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FAO supports rural beekeeping in eastern Ukraine

With 1.5 percent of the local population in Ukraine engaged in beekeeping, the country is the top player in Europe for honey production.

Contributing to that production has been the practice of honey hunting, or the plundering of wild honeybee nests to obtain honey and beeswax. During pre-conflict times, it was practiced actively in the eastern regions, but the ongoing military conflict has transformed a large number of natural honey-hunting zones into military areas.

As a part of an emergency response programme, FAO will donate 150 bee colonies to people in Donetsk and Lugansk oblasts, with each colony comprising around 35 000 bees. Some 50 smallholders from Volnovaskyi and Stanychno-Luhanskyi districts, in villages located within 8 km of the contact line, will receive assistance.

Some of the beneficiaries are professional beekeepers, while others will be engaging in the practice for the first time. As such, the donations will help offset the loss of honey hunting while also engaging others – including the currently unemployed – in income-generating activities.

Each beneficiary will receive three bee packages and a full set of beekeeping tools, including a honey extractor, bee smoker, protective jacket and mask, filters and 5 kg of wax. In addition to the basic equipment, all farmers will participate in a series of specialized trainings and receive step-by-step guides on bee growing and honey hunting.

“We see beekeeping as an important occupation and part of rural life worldwide, and also as a key income-generating activity,” said Andre Arriaza, FAO programme officer. “In Ukrainian rural communities, where access to income is limited, small-scale beekeeping can contribute significantly to improving the resilience of vulnerable populations.”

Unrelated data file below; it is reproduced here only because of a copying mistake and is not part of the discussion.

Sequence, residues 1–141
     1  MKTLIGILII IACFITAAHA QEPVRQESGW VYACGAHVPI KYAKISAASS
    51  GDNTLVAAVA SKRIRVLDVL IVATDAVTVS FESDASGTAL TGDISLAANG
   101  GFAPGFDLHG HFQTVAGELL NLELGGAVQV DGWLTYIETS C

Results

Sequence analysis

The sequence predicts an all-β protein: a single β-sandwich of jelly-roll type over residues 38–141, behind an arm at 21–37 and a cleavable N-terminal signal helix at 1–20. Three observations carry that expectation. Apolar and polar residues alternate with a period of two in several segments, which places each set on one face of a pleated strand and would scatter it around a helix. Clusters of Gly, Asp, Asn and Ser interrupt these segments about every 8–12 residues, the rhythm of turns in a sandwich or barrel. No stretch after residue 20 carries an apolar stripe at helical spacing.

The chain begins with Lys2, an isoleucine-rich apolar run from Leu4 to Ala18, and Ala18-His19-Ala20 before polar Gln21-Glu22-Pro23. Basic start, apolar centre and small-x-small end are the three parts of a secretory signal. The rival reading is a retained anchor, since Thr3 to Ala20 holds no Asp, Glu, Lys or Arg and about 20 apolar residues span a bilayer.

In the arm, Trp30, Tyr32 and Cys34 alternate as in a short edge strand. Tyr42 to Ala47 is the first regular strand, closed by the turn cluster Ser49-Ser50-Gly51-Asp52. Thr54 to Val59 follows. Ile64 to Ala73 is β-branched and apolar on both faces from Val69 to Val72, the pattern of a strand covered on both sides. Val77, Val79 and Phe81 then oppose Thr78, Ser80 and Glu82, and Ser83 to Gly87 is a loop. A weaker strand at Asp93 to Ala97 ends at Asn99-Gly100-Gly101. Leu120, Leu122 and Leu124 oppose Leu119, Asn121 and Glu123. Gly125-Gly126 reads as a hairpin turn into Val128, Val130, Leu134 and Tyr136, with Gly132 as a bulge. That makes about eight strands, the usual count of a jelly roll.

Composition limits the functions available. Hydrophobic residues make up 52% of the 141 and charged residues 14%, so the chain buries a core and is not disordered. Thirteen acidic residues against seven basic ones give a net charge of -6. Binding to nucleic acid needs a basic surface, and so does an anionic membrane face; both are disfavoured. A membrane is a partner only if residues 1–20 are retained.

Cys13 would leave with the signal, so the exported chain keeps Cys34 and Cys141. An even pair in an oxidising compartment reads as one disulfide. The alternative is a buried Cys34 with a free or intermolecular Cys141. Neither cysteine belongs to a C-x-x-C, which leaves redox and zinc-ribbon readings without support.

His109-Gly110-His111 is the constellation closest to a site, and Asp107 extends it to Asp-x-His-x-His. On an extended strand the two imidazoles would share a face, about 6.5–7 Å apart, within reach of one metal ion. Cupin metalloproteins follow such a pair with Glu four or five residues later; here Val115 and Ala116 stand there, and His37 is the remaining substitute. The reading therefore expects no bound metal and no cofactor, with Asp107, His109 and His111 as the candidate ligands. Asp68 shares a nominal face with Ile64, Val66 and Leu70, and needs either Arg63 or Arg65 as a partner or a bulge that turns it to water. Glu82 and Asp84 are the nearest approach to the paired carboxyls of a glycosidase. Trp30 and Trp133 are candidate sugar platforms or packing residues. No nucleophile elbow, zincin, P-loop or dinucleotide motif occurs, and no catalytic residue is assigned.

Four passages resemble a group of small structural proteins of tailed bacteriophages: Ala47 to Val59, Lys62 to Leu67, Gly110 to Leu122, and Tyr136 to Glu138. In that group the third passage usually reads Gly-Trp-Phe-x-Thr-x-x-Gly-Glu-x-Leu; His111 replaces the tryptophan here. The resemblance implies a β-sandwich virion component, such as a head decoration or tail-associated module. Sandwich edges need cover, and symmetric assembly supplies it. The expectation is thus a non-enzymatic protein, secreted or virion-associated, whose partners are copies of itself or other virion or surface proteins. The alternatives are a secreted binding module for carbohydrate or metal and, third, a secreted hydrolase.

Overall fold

FAO experts explain that beekeeping does not need to take up valuable land. Depending on type, hives may be placed in trees, on scraps of wasteland or on flat rooftops. This makes beekeeping a feasible activity for smallholders and people without land.

“Beekeepers can create further assets by using honey and beeswax to make secondary products,” Arriaza added. “Our training programme is aimed at not just teaching how to grow bees but also at explaining that selling a secondary product can bring a far better return for the producer than selling the raw commodity.”

The work carried out under the existing response programme will come to an end in early July. The emergency support represents a significant contribution towards the achievement of enhanced food security for more than 19 000 households in 90 villages along the contact line in eastern Ukraine. Moreover, FAO has distributed specialized machinery for up to 20 agricultural cooperatives, together with business trainings and consultations. All of the farming inputs and equipment distributed by FAO in Ukraine have been procured locally in the country.

“FAO established field teams to monitor all the operations in eastern Ukraine, which had a 99-percent delivery rate,” said Mikhail Malkov, FAO development project coordinator in Ukraine. “Even though the programme has ended, its contributions have not. Almost all of the state and international parties involved have committed to build on what the FAO projects started.”
FAO continues to implement more than a dozen projects in Ukraine, addressing a variety of agriculture-related issues and supporting the overall development of the sector.

29 June, 2018, Kyiv, Ukraine

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